Five Keys to Recovery: #2 Emerging from the Emotional Soup


Did you know that there is a hidden force that drives your behaviors associated with food addiction, emotional eating and binge eating?

Here’s a patient’s story to illustrate that:

Maryann just turned sixty years old. She is married and has a successful career in nursing. Although she feels good about most things in her life, she continues to struggle with her food and body image issues. When she feels happy, she overeats. When she’s sad or angry, she overeats. When her husband has to work late and she’s home alone, she overeats. She describes food as "my best friend." Her husband is very health conscious and often makes disparaging comments about her size just as her mother did when she was younger.  She really believes that if her life were just less stressful, she could stop overeating.

Maryann’s story above demonstrates how the emotions she feels about food and body image issues started in her childhood, and now, as an adult, these same emotions are triggered when her husband makes comments about her size. The emotions of embarrassment, guilt, shame, anger, loneliness, and disappointment are the driving force behind her overeating.  

When you are stuck in the emotional soup, you may feel that your emotions are in charge of you as opposed to the other way around.

Emerging from the emotional soup requires emotional development— that is, being able to identify, express, understand, and very importantly, regulate your emotions. It is not your emotions themselves that cause problems in your life. Rather it is your attempt to suppress or avoid your emotions that leads to problems.

Learning to identify your emotions, to put a name to what you are feeling, is the first step to being able to express emotions in a healthy and safe way. Emotional expression is important because it allows you to be the individual you are, with your own perceptions, emotions, and viewpoints. Emotional expression also is a necessary part of what it means to be human.  

Emotions can be called the energy of self-expression.

The second step to uncoupling your emotions from your behaviors is learning to express your emotions, without using food.  Patterns of emotional expression may also be similar to patterns in your relationship with food. For example, you may skip meals or restrict what you eat (similar to withholding emotions), which usually sets you up for the next binge (or emotional outburst).  

Many people have trouble expressing certain emotions—usually because they have a judgment about themselves (or feel others will judge them) if they feel certain feelings.

Each family has patterns, often unspoken, concerning emotions.

The third step is understanding your emotions.  One way to do that is by understanding your family rules around emotions which is how you learned to express or not express your emotions.  

Emotional rules can include ones that (1) allow a child to change his or her expression of certain emotions to protect another person’s feelings and (2) mask emotions to protect himself or herself from harm or to avoid embarrassment.   For example, your mother may not have told you not to get angry, but she may have left the room or given you a disapproving look whenever you expressed anger, indicating that expressing anger was unacceptable.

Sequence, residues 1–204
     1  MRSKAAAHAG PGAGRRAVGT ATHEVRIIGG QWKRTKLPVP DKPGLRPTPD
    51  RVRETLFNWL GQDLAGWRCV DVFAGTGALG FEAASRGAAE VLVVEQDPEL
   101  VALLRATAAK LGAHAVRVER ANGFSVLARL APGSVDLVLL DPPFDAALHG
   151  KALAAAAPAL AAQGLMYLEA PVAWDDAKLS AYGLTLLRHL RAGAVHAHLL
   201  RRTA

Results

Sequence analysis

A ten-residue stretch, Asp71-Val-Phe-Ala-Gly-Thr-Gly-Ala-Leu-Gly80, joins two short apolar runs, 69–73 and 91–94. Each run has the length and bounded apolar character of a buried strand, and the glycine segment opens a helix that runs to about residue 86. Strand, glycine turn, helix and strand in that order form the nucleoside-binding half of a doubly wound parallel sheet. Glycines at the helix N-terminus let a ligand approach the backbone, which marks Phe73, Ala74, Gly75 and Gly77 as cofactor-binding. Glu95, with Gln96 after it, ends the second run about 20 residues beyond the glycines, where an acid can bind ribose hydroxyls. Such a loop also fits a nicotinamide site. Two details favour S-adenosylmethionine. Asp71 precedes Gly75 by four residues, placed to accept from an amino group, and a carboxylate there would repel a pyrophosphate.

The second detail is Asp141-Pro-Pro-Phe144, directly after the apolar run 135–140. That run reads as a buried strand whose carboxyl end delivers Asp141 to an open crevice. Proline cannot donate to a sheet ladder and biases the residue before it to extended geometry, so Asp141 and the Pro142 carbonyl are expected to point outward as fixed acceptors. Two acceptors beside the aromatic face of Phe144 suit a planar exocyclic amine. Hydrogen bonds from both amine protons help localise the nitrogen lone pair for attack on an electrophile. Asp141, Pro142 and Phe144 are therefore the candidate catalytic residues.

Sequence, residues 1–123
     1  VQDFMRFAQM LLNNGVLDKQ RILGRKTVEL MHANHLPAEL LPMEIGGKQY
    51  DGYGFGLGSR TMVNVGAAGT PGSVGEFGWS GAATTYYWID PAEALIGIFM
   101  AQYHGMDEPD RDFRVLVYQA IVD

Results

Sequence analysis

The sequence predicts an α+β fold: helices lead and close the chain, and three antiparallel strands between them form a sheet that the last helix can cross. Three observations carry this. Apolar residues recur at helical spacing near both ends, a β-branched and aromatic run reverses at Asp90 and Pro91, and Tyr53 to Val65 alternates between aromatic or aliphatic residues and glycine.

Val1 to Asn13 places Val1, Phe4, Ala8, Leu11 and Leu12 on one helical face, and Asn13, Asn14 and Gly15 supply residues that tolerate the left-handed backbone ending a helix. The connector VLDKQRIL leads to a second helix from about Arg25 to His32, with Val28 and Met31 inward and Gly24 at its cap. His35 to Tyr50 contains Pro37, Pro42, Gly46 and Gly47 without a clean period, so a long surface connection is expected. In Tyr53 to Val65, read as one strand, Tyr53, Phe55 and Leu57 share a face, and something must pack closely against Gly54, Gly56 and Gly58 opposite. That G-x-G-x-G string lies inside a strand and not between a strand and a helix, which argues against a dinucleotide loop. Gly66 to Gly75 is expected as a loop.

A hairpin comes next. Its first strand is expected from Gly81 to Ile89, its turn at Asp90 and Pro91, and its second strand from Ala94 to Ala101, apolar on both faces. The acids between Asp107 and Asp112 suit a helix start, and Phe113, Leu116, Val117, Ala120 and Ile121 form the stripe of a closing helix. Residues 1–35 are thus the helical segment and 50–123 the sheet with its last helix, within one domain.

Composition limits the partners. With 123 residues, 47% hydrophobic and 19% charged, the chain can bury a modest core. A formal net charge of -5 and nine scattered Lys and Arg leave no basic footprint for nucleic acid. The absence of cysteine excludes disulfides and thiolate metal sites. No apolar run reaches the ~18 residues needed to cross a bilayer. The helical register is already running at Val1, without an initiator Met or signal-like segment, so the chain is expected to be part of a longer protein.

Emotions themselves are neither bad nor good, neither right nor wrong.

The 4th step in uncoupling your emotions from your behaviors is learning to manage or regulate emotions without using food. Maryann’s story above is a good example of an emotional overeater—someone who uses food to regulate her emotions.   Emotional regulation begins in early infancy when babies learn to self-soothe or calm themselves. By the age of four, children have usually learned to change how they express emotions to suit the expectations of others.

You may be using many healthy ways of regulating your emotions in other areas of your life but, like Maryann, find yourself at a loss about to how to do that with food and body image issues.  Many people with binge eating, food addiction or emotional eating have been taught to suppress their emotions from a young age.  Messages like "be a good girl" or "boys don’t cry" are examples.  Or you had a parent who raged and you learned to be afraid to express anger.  A history of childhood trauma contributes to the problem of emotional dysregulation.

The goal is to be able to experience a normal range of emotions without feeling so uncomfortable with those emotions that you use food (or other substances or behaviors) to avoid dealing with them.

Whether you have a history of specific trauma, abuse, or neglect or you are just "wired differently" in terms of how strongly you feel your emotions and your ability to regulate your emotions, it is important to understand that emotions are often the driving forces behind your behaviors.   You can learn new skills for dealing with your emotions that will enable you to finally uncouple your emotions from your unwanted behaviors.

Below is an exercise to help you emerge from the emotional soup:

  1. Make a list of emotions you have trouble expressing.
  • a.     Example;  ANGER
  • b.     What is your judgment about people who get angry?
  • c.     What do you do when you begin to feel angry (to avoid expressing your anger)?
  • What were your family rules about expressing emotion?
  • Think of times when you’ve expressed your emotions in healthy ways and unhealthy ways, and ask yourself how each affects your eating.
  • Think of 3 skills you’ve used to deal with stress in other areas of your life that could be applied to your food and body image issues.

All the best,
Dr. Carolyn

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